In their bid to find an alternative, the group has sought out retired generals, businessmen, and former political candidates, including younger Republican leaders. That search led to Romney last week, just one of many being courted.

    “There’s a concerted effort to find someone of sufficient weight and substance and conservatism who can be an alternative,” said DeMoss Fonseca. “This is like the thousand-year flood, something we have never witnessed before.”

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    Christine Matthews, a Republican strategist based in Alexandria, Va., called the continued scramble to mount a third-party candidacy “hopeful, possibly magical thinking” — even as she said she would support such a candidate.

    “If it’s someone like Mitch Daniels, I would drop everything and help with that,” said Matthews, adding that perhaps there could be a social media-inspired effort to draft Daniels, president of Purdue University and a former Indiana governor. “Trump is just not somebody I can support.”

    Time is running out for conservatives to find their savior. Filing deadlines to get on state ballots for the general election are looming — and in some cases already past. The deadline to petition to get on the ballot in Texas, with its 38 electoral votes, was Monday.

    “Not only is it late in the game, but for what purpose?” said Gary Nordlinger, a Democratic political consultant who teaches at George Washington University. “If you do that, you’re going to guarantee the election to Hillary Clinton.”

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    But even if a third-party candidate makes it easier for Clinton, some Republicans have a more dire scenario in mind: Trump as president for four or eight years. That, they believe, could do even more lasting damage to their party.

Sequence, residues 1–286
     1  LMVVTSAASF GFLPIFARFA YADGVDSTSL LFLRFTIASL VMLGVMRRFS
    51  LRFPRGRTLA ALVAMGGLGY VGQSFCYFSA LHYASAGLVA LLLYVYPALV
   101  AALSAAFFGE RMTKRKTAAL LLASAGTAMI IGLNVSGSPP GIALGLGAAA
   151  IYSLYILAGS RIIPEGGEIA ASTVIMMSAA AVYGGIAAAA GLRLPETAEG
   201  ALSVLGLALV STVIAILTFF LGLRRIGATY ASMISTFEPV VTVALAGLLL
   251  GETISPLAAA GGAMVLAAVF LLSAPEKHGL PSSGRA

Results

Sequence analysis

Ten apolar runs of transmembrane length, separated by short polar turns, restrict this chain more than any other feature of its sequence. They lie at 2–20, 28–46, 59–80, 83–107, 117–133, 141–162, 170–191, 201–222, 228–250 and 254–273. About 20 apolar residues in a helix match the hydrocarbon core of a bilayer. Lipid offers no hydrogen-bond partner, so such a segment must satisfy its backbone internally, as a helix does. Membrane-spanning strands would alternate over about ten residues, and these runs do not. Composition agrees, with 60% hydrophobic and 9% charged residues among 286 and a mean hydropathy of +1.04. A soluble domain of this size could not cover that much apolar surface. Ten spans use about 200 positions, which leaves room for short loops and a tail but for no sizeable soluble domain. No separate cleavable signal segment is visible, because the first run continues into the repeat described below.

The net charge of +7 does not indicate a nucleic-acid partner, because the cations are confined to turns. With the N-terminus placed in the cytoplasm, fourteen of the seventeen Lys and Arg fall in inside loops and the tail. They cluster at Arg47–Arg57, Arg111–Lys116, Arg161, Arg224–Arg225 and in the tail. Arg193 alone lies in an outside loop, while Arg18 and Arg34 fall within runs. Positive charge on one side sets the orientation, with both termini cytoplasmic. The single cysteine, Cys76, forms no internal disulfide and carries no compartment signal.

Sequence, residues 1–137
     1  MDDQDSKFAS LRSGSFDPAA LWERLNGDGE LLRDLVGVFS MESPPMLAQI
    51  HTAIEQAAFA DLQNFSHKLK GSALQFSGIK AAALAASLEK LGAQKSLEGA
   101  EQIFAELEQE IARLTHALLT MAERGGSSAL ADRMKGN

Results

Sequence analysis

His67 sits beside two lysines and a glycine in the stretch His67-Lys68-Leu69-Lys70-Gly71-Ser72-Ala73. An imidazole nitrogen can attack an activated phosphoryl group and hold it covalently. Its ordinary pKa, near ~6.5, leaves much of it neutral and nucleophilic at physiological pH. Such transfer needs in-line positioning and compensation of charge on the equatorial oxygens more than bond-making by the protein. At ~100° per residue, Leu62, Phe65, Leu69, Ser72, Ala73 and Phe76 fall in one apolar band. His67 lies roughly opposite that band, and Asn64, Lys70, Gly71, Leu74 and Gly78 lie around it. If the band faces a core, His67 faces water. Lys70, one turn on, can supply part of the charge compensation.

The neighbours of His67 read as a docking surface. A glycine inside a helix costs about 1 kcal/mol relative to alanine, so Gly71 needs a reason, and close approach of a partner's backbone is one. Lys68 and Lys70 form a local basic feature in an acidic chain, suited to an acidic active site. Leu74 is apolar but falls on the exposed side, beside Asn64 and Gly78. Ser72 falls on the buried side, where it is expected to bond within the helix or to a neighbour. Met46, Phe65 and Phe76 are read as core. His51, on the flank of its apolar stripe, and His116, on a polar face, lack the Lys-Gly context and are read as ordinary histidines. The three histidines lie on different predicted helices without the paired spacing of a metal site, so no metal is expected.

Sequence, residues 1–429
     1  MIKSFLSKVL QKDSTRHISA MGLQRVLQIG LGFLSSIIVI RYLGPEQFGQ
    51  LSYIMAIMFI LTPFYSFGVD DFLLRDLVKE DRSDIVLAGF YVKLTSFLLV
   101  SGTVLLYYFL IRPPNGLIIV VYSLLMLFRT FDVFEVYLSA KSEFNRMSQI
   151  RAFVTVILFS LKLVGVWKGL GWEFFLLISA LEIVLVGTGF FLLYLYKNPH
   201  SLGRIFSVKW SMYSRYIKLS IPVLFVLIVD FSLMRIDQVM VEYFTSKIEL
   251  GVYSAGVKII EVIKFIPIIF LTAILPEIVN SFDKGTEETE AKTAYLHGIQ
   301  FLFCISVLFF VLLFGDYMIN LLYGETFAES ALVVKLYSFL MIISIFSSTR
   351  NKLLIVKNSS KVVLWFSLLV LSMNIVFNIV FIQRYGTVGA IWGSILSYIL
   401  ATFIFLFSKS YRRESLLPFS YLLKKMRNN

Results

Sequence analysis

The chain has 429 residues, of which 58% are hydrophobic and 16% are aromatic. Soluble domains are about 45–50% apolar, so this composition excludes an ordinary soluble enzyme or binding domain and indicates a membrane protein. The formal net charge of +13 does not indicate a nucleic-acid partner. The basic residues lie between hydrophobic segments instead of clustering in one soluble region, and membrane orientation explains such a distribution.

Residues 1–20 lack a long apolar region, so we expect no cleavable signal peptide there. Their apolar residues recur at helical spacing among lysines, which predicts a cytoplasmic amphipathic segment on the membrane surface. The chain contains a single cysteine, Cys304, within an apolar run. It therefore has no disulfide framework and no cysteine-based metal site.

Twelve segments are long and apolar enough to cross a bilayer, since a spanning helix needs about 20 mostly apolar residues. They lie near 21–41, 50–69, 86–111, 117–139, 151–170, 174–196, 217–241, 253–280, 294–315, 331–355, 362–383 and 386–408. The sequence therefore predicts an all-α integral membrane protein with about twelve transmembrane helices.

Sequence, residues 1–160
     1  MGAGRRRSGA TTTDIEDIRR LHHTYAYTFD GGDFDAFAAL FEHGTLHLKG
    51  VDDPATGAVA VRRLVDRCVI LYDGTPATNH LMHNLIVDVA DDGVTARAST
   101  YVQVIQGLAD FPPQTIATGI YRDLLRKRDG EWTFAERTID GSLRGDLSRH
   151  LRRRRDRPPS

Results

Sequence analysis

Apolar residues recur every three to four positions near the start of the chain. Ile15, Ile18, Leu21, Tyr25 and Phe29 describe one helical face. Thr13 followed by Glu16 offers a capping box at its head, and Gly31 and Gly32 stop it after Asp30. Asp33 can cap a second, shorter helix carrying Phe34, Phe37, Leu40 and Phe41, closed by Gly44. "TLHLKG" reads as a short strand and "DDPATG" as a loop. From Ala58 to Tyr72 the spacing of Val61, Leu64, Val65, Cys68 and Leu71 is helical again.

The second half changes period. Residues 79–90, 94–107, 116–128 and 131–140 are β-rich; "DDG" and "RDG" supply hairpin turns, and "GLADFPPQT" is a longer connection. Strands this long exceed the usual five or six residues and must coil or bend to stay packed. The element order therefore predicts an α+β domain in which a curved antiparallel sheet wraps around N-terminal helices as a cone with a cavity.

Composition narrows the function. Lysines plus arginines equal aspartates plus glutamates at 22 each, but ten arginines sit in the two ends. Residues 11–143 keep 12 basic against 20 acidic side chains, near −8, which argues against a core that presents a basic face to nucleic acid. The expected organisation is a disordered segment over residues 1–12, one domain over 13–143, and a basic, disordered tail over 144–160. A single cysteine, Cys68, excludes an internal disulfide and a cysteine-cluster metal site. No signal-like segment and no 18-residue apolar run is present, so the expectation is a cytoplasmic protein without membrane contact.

“Having Trump as the de-facto standard bearer for conservatives conceivably could do harm to the Republican party for generations,” said Jon McHenry, a Republican pollster who worked on Marco Rubio’s presidential campaign.

    Some Trump critics have lined up — albeit reluctantly — behind the billionaire in the week since he effectively clinched the nomination. Senator Kelly Ayotte, a New Hampshire Republican who is in a tough reelection fight, said she will “support” Trump but not endorse him.

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    Several Republicans echoed Ryan’s comments that a third-party bid would further tear the party apart.

    “There are people who are playing hard to get who haven’t come around yet. Trump will have to make a deal with them somehow and become a better or more acceptable candidate,” said Juliana Bergeron, a Republican national committeewoman from New Hampshire.

    Bergeron said she is comfortable supporting Trump because she has met with the real estate mogul four times and found him to be “much more gracious, much more toned down, very polite” than he has been at his rallies or in media interviews.

    Beverly Bruce, another prominent New Hampshire Republican, said disgruntled Republicans should quit wasting time with talk of a third-party run and get behind Trump, as she has resigned herself to doing, even though she will not campaign for Trump nor raise money for him.

    “The American people have spoken and we just have to go with whoever our nominee is,” Bruce said. “I am not a Trump supporter but I will vote for our Republican nominee. My view is, anybody but Hillary. It’s unfortunate that I’m voting against somebody, not for somebody.”

    Victoria McGrane can be reached at victoria.mcgrane@globe.com. Follow her on Twitter @vgmac. Tracy Jan can be reached at tracy.jan@globe.com. Follow her on Twitter @TracyJan.